XS boasts that its layout is modeled on "the sexy curves of the human body." In practice, the design steers people to the bars on a back wall.
Female bartenders, their long hair draped over sequined black corsets, serve $15 shots of Jack Daniels whiskey, coordinating their pouring to the skull-rattling bass and synthetic blares vibrating around them. A supermarket a few miles away sells a bottle of Jack containing 17 shots for $16.
When newbies push through the swaying crowd to grab a table, they find that Vegas has monetized sitting, too. Patrons pay a $10,000 beverage minimum upfront to claim any of the dozen plush banquettes nearest the dance floor.
By the time Guetta hit his stride on this night, all of the club's 95 tables were full, including the cheaper seats away from the action and one uber-VIP table on stage. Near the bigger-than-your-apartment, 1,100-square-foot dance floor, four scantily clad girls gyrated in front of three men wearing suits and skinny ties.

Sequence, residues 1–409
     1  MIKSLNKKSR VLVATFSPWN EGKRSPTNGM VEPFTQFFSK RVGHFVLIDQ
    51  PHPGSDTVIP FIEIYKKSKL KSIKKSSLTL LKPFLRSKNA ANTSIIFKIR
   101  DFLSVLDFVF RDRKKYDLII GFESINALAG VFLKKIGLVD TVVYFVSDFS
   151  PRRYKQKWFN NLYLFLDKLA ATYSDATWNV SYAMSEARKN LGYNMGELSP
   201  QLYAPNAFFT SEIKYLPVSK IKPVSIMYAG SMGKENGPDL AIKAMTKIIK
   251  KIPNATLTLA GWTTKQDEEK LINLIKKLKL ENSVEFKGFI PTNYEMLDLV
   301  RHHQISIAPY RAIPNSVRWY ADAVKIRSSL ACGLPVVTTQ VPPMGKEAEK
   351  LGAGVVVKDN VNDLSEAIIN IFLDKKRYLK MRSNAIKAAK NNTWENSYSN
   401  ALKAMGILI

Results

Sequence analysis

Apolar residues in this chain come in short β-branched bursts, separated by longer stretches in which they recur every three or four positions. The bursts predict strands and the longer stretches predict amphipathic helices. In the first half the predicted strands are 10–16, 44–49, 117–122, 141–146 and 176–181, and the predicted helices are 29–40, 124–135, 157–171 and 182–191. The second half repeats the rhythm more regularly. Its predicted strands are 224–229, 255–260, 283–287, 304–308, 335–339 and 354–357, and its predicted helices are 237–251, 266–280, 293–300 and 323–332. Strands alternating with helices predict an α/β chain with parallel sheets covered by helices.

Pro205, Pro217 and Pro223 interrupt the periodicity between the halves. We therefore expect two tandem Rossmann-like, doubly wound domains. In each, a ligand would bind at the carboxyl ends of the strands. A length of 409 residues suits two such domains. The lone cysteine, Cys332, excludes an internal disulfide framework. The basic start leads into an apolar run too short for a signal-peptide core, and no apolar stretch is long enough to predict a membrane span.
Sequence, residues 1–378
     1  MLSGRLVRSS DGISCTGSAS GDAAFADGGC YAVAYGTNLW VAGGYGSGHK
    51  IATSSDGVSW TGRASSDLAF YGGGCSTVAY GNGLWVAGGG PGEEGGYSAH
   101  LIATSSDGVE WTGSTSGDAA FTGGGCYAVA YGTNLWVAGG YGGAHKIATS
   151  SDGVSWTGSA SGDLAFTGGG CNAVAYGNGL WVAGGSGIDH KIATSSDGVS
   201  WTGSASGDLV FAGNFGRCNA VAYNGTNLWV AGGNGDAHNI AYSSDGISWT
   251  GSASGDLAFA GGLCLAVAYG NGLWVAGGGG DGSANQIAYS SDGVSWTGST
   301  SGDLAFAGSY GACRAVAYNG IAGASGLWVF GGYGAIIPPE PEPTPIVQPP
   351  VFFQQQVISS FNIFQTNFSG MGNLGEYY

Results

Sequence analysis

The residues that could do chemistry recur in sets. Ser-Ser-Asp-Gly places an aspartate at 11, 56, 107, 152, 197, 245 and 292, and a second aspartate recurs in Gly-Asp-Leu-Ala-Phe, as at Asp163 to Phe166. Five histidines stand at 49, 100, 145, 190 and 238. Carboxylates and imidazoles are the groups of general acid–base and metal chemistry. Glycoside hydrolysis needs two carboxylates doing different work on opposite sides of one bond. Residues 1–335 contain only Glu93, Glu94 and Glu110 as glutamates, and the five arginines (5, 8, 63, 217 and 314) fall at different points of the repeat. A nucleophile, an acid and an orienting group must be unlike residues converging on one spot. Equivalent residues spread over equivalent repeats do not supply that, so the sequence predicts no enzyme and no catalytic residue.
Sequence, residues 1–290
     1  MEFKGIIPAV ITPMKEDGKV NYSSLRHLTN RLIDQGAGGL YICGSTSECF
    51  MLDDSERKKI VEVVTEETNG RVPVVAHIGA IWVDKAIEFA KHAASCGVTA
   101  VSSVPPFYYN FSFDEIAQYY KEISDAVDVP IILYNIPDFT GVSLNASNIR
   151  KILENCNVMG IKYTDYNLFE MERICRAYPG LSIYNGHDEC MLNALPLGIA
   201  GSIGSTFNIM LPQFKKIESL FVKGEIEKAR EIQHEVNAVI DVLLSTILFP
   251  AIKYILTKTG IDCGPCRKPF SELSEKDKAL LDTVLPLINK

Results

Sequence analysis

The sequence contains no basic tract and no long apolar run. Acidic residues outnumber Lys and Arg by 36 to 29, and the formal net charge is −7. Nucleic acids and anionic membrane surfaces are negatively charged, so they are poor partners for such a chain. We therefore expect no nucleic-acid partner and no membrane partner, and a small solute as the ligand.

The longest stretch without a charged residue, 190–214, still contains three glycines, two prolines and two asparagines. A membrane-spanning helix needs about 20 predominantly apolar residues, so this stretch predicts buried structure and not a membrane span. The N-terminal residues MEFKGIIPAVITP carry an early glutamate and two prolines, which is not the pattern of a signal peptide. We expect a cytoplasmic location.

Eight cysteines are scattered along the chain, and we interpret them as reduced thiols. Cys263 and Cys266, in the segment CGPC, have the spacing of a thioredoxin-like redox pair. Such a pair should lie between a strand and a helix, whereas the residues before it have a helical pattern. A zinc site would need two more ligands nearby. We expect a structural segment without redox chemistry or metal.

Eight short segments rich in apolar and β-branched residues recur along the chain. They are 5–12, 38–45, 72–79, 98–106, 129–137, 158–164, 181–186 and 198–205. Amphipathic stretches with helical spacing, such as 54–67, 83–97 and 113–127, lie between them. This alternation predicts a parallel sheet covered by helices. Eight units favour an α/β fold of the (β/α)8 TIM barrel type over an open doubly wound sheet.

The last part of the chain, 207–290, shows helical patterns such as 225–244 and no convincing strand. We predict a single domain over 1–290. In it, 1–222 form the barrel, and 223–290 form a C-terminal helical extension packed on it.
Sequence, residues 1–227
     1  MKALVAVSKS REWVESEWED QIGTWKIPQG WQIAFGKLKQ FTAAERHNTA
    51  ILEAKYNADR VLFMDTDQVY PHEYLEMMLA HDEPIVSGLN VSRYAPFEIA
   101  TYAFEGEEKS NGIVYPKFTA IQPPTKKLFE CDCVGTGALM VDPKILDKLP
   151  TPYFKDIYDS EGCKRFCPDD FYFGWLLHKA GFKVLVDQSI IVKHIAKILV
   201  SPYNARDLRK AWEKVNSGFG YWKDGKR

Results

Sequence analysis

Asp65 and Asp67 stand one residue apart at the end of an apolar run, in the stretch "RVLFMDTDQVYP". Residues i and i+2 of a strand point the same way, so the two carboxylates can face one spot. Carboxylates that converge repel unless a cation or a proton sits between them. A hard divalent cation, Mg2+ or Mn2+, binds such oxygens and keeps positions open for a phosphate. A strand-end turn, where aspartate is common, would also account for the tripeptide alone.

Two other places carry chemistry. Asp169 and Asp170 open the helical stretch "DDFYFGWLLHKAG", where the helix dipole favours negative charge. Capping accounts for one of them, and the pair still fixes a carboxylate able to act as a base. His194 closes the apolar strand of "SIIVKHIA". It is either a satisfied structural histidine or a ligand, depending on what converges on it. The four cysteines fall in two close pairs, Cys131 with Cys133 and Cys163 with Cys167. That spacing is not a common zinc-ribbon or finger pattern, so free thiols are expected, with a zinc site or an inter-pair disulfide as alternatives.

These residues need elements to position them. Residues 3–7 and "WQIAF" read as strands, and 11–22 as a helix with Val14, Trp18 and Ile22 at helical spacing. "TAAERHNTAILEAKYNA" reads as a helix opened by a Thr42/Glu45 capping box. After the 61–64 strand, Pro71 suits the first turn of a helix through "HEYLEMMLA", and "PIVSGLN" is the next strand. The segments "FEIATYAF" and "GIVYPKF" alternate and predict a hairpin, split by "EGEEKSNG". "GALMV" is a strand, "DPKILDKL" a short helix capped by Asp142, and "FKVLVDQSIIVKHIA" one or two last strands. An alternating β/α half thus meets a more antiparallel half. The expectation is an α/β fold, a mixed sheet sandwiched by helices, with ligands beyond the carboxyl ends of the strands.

One of them, Thomas Park, had filled the table with 2004 vintage Perrier-Jouet champagne and Gray Goose magnums — for $700 and $1,300 a pop.
"We have a lot to spend," said Park, who is in his mid-30s and works as a relator in Canada. "That's why we have all the girls."
Casinos learned long ago that some VIPs don't see the point of being VIPs unless everyone can see them being VIPs, so clubs oblige big spenders with spotlights and velvet ropes cordoning off their mini-empires.
But not everyone at a table is a high roller. Some are splurging, or sharing the cost with their friends. Superstar DJ Kaskade, a Vegas regular, said he hears from fans who saved for months to pay for a table and a weekend of fun in Vegas.